When we stopped working on message.mk in section 2.7.6 we told you something was wrong. It's time to show you the problem and the fix, and in the process introduce some magic tokens, called special atoms, that give you extra control over nmake.
There are about a hundred special atoms, but we'll only need a few, and we're not going to classify them. Special atoms have the same look - a period followed by some upper case letters. A few of the more complicated ones include several periods and occasionally a percent sign as a pattern-matching character. The names are wired into nmake. Special atoms won't often collide with Unix file names, so it's not hard to understand nmake's choice of names.
Flip through the manual and you may decide that targets, like hello and goodbye in message.mk, are labels. The official definition of a label, taken from manual's glossary, looks something like:
If an assertion has no prerequisites but has an update action block, or if an assertion has prerequisites but no actions and the target is not a file, the target represents a label in the makefile. The time stamps of the labels are stored in the statefiles but are ignored by nmake; therefore, they are made on subsequent invocations of nmake.
If you don't read carefully you might assume that targets that don't have prerequisites are automatically labels and are always built. It's easy to overlook, "and the target is not a file," but the words explain why message.mk, and most of our other makefiles, aren't quite right. We can show you the problem by creating a file that has the same name as one of our targets
nmake -f message.mk hello
We get the usual message the first time, but try it again and nothing happens. This time it's easy to blame the statefile - remove message.ms or tell nmake to ignore the statefile using the -S option
nmake -f message.mk -S hello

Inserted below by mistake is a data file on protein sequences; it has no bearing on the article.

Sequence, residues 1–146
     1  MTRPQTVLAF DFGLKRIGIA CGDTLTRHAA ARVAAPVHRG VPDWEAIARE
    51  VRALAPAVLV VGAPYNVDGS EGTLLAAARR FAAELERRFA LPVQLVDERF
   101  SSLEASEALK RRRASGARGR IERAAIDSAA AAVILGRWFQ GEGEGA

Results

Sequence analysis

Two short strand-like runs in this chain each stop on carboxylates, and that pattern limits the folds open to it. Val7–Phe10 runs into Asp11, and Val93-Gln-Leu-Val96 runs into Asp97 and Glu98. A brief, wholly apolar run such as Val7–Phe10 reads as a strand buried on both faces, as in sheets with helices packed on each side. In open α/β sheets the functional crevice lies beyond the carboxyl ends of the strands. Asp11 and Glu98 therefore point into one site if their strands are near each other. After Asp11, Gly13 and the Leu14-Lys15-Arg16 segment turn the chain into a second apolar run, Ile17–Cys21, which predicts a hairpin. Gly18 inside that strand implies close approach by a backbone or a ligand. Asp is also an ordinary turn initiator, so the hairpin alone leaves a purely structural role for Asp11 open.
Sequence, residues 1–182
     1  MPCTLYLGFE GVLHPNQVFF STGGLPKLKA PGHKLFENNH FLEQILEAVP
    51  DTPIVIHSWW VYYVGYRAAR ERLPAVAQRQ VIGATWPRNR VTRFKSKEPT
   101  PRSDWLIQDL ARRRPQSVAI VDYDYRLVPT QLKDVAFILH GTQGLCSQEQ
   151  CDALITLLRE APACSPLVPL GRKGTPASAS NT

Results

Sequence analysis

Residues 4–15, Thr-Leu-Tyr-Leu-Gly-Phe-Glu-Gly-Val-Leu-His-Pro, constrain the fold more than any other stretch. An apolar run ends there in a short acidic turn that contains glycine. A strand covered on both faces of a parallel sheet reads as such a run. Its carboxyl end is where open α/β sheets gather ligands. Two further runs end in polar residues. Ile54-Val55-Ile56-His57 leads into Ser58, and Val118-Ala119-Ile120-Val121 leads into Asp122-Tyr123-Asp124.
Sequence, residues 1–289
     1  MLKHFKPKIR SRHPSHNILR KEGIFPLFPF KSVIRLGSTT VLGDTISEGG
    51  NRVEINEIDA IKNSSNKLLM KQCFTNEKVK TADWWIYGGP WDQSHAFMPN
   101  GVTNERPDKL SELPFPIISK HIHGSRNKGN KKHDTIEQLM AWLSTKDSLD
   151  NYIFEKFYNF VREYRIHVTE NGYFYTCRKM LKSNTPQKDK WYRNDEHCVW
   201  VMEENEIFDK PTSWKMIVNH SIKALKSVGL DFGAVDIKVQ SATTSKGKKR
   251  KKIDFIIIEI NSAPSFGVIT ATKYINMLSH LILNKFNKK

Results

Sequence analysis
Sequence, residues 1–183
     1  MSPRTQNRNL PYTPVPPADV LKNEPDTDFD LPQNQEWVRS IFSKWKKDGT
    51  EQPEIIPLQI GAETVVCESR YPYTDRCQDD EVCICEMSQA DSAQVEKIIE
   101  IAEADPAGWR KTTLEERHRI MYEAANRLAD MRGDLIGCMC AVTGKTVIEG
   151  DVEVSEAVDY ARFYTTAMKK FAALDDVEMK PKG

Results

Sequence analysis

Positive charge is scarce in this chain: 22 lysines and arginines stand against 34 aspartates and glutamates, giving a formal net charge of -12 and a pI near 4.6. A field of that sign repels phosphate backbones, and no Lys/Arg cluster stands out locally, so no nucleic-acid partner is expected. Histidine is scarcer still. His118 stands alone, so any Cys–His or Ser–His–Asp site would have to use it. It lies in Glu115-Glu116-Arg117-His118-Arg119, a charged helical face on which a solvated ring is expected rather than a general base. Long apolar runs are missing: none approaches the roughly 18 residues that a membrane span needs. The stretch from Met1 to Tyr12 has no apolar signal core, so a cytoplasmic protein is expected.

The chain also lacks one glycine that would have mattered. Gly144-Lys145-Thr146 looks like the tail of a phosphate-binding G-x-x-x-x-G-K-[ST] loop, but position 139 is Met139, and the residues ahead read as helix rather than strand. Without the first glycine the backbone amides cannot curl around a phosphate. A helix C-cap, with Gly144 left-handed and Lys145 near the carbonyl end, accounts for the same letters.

and the message reappears.
The explanation isn't difficult, but you'll probably need some help. nmake looked around after it finished building hello, found a file named hello, and decided the target was responsible for the file. Information about the connection was saved in the statefile, and after that nmake refused to build hello, because everything available from the statefile and file system indicated it was up to date.
So how do we make sure a target is always built, even if it appears to be up to date? Adding a special atom named .FORCE to the prerequisite list does it:
AUDIENCE = world goodbye hello : .FORCE silent echo "$(<), $(AUDIENCE)"
When nmake finds .FORCE it marks the targets, in this case hello and goodbye, with a flag that says they're supposed to be built whenever we ask. Save the example in a file named force.mk and now something happens whenever we type,
nmake -f force.mk hello
and it doesn't matter if the dummy hello file is there or not.
Something's still wrong with force.mk, and we'll show you the problem using clobber. We'll talk about more clobber later in section 11.2 when we talk about the common actions you get for free with nmake. It's what you do when you're really finished and want to clean everything up. Even though force.mk doesn't leave much lying around, when we type
touch hello nmake -f force.mk clobber
+ ignore rm -f hello force.mo force.ms
Look carefully at what happened - you should be concerned. Deleting the objectfile and statefile is normal, but nmake also removed hello, because it believed the file was built by the target named hello. So how do we protect innocent files, like hello, that just happen to have the same name as a makefile target? Start with force.mk, add .VIRTUAL to the prerequisite list,
AUDIENCE = world goodbye hello : .VIRTUAL .FORCE silent echo "$(<), $(AUDIENCE)"
and save the result in virtual.mk. Now when we type
touch hello nmake -f virtual.mk clobber
+ ignore rm -f virtual.mo
so hello was spared. The .VIRTUAL special atom breaks the connection between targets and files. Adding it to the prerequisite list means nmake won't associate hello and goodbye with files, and that's what protected the file when we ran clobber. By the way, .FORCE is still needed. Take it out of the prerequisite list in virtual.mk and you only get one message, because nmake uses the statefile to remember when targets marked by .VIRTUAL are built.